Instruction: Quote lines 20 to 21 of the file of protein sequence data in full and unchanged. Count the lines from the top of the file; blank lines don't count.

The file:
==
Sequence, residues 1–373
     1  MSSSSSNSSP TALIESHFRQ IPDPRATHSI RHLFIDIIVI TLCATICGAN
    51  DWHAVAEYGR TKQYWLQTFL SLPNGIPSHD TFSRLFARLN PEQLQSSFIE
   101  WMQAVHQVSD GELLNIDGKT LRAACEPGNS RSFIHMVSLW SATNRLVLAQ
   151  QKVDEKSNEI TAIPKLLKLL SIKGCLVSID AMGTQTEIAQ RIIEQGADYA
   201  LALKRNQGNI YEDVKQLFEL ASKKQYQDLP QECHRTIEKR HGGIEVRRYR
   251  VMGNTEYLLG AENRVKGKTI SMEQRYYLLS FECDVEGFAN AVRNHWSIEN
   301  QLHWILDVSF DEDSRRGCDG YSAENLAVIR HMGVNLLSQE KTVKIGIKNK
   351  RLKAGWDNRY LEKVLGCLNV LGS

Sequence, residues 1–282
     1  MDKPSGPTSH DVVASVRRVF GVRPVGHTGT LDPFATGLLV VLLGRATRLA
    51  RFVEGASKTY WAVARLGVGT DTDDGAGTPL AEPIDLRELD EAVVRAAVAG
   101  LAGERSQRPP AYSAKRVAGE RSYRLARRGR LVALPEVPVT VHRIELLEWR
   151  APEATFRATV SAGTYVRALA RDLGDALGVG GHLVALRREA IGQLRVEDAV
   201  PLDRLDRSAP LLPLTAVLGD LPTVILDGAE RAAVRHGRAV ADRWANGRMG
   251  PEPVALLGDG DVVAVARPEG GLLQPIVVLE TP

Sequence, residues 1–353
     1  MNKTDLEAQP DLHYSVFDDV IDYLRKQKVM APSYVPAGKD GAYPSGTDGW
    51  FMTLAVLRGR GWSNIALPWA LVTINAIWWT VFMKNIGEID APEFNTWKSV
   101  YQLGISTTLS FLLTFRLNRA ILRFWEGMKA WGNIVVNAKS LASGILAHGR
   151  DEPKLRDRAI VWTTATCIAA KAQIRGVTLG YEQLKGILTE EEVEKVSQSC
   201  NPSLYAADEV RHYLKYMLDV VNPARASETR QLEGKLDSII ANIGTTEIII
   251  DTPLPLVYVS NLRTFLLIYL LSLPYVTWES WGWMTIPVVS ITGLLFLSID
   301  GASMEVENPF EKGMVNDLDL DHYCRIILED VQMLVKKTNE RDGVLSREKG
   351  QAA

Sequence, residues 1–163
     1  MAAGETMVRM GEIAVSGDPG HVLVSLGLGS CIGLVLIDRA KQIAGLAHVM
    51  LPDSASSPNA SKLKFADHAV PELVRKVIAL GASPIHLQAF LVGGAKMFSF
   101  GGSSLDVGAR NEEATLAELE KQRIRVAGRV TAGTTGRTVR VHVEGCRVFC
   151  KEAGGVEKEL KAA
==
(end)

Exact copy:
   101  YQLGISTTLS FLLTFRLNRA ILRFWEGMKA WGNIVVNAKS LASGILAHGR
   151  DEPKLRDRAI VWTTATCIAA KAQIRGVTLG YEQLKGILTE EEVEKVSQSC